It’s easy to forget how unforeseeable the “unforeseeable” really is
Not long ago, I stopped by the Morgan Library, in Manhattan, to pay a visit to the Gutenberg Bible on display within a cube of glass in the Morgan’s towering East Room. Gutenberg Bibles are among the rarest of printed books—about 50 copies are scattered around the world. At the time of their production, in Mainz in the 1450s, Gutenberg Bibles were of course the most common printed books—they were among the only ones. If a Gutenberg Bible were to come on the market today, it would sell for as much as $35 million, according to some estimates. But who knows? Sheikhs and oligarchs might launch a bidding war. The Morgan has three Gutenbergs. The copy on display was bought by J. P. Morgan in 1911 at Sotheby’s, which was acting for the family of a Wiltshire banker, who had bought it from the British bookseller Bernard Quaritch, who had bought it from the family of a Middlesex brewer, who had bought it from a member of the aristocratic Sykes family, who in 1824 had sold off his brother’s famed library in order to buy hunting dogs. The Sykes copy can be traced to a Scottish monk, antiquarian, and spy who lived in Germany in the late 18th century, and it is probably the copy that was lodged for centuries in the Augustinian monastery at Rebdorf.
I know all of this because of a remarkable (and hefty) recent study titled Editio Princeps—the book that prompted my visit to the Morgan. The author, Eric White, the curator of rare books at Princeton, has composed meticulous biographies of each of the complete Gutenberg Bibles that have come down to us. Many have led picaresque lives. Harvard’s copy was briefly stolen, in 1969, by a troubled young man who smashed its glass encasement, took the book, climbed out a window, and knocked himself unconscious when he fell to the ground; charges were dismissed on grounds of mental illness, and the thief went on to become an adult-film star. White tells the story of Johannes Gutenberg himself—how the goldsmith and maker of religious mementos for the pilgrimage trade combined the idea of metallic movable type (his true innovation, though it had antecedents) with a wooden press (like the kind used for making wine) to produce a printed page. The practice of copying books by hand did not immediately disappear, but the new technology spread fast. Venice, with its dense cluster of print shops, played the role of Silicon Valley. The printing press would soon upend the social order in ways that no one had anticipated and that few today give much thought to.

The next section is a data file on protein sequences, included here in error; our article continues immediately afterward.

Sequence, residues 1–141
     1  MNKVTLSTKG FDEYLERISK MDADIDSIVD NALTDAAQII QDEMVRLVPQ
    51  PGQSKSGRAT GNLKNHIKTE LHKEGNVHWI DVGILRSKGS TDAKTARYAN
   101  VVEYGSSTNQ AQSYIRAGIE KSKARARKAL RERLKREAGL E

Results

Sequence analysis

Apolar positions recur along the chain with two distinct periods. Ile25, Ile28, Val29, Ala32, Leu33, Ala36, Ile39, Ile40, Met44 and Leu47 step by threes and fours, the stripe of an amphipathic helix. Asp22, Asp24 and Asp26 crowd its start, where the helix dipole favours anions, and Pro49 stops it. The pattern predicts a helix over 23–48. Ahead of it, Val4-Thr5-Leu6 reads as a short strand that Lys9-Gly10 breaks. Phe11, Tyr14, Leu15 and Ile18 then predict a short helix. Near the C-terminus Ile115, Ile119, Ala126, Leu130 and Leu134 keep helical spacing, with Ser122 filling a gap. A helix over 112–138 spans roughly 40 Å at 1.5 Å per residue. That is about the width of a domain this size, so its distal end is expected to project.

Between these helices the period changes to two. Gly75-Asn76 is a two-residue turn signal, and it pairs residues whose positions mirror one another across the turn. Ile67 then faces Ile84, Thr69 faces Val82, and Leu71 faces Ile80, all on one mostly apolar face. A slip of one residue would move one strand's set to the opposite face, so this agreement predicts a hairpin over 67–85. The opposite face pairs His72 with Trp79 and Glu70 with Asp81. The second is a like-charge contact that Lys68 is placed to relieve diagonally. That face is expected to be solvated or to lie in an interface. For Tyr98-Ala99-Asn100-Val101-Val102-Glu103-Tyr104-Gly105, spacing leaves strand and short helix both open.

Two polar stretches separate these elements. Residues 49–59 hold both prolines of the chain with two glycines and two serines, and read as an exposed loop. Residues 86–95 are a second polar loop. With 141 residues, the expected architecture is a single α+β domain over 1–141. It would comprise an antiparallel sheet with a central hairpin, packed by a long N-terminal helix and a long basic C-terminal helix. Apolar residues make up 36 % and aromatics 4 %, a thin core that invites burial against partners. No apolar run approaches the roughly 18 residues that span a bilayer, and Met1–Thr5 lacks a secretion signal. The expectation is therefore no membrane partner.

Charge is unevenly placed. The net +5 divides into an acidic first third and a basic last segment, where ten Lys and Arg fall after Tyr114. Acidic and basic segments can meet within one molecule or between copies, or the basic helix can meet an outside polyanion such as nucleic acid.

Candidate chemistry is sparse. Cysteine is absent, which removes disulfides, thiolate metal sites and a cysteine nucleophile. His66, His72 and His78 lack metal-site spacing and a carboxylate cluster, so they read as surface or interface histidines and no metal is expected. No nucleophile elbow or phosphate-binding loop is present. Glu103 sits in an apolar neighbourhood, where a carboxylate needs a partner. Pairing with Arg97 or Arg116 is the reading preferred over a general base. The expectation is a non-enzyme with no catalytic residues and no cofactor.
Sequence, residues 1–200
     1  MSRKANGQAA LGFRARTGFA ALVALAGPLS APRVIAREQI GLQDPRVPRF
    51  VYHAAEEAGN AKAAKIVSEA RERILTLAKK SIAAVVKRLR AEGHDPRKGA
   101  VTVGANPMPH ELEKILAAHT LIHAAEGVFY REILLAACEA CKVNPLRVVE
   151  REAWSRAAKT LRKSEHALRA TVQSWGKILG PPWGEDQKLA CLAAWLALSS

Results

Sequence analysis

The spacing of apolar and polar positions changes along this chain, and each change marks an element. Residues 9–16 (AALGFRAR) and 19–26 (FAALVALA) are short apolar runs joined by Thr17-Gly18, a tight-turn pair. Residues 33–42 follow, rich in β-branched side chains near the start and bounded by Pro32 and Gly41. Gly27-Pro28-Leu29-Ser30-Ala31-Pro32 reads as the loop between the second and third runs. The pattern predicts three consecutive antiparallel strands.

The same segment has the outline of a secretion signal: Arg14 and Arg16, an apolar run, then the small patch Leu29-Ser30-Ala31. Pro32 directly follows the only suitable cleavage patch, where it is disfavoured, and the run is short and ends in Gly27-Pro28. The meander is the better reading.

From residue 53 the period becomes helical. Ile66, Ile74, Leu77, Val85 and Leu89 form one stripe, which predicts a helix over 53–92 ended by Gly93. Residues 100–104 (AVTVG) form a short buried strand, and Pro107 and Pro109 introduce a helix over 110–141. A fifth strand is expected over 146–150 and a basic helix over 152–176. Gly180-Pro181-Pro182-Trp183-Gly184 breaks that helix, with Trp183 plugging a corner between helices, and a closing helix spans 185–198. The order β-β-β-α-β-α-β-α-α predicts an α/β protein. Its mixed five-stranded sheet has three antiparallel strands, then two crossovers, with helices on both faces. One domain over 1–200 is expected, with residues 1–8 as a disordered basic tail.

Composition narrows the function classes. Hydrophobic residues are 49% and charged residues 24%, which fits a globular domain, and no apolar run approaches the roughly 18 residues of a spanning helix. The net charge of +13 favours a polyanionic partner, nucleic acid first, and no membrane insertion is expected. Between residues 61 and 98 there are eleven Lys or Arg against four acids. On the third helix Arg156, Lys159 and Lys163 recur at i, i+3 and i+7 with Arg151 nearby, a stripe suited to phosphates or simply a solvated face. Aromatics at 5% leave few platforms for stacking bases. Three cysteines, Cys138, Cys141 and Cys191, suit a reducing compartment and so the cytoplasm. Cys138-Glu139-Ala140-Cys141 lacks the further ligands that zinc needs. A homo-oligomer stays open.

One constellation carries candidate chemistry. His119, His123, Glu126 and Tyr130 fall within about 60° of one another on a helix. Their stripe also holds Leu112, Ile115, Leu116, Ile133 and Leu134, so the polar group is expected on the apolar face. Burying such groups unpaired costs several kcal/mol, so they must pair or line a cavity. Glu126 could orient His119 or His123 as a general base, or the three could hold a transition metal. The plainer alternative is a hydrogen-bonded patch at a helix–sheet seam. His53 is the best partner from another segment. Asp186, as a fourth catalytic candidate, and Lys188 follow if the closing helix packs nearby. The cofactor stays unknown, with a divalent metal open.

The comparison of the printing industry in Venice to the tech industry in Silicon Valley is not Eric White’s. It was made in 2005, by a historian of the printed word named Elizabeth Eisenstein, in the afterword to The Printing Revolution in Early Modern Europe, an abridged edition of her monumental The Printing Press as an Agent of Change. Eisenstein’s original two-volume study was published in 1979, before personal computers and the internet began to work their will, but she was well aware of subsequent developments.
Eisenstein, who died in 2016 at the age of 92, was sharp, elegant, funny, and determined. She had picked up tennis late, at age 50; playing in the senior division, she won more than 30 national championships, the last when she was in her 90s. Breaking into academe as a woman in the 1950s had not been easy, but her work on the impact of the printing press, published in her sixth decade, proved to be another senior-division win. Many historians had written about Gutenberg and noted the role the printing press played in fostering the Reformation. But no one had mounted a vigorous investigation of the invention’s broader long-term consequences. Betty was 80 when I met her. Over several dinner conversations, she spoke at length about the printing press—the manifest good that it had done, in terms of spreading and “fixing” knowledge, but also the massive disruption it had caused. Disruption was the actual word she used. She didn’t mean it in a self-congratulatory, tech-mogul sort of way.
The printing press took most people by surprise—it wasn’t a technology that everyone had been dreaming about for centuries, like flying machines—and its ramifications were dramatic. Printing gave rise to a “start-up” culture (again, Eisenstein’s term): Many printing shops failed, but many didn’t. Within a few decades, at least one printing press could be found in every sizable community—not just the Romes and the Londons, but also the Augsburgs and the Erfurts and the Modenas. The cost of entry was low. More books were printed in the five decades after Gutenberg’s invention than had been produced by scribes during the previous 1,000 years.
The printing press decentralized the role of gatekeeper. In a scribal culture, maintaining some measure of control over ideas and their dissemination was straightforward. In a printing-press culture, control was harder. Within their own jurisdictions, rulers tried anyway, and so did the Church. The word imprimatur is Latin for “Let it be printed”—it connoted official sanction. But more people had greater opportunities for public expression than ever before. Thwarted in Heidelberg, you could try Geneva or Utrecht.
The sheer number of books that printers produced made suppression problematic. Having your book land on someone’s watch list could even turn it into a best seller: Banned in Bologna! And words weren’t the only things that came off the press; mass-produced images, in the form of woodblock prints, shaped opinion even among the illiterate. Printing was referred to as a “divine art,” and the masters of this technology, in aprons rather than hoodies, could sometimes be a little full of themselves.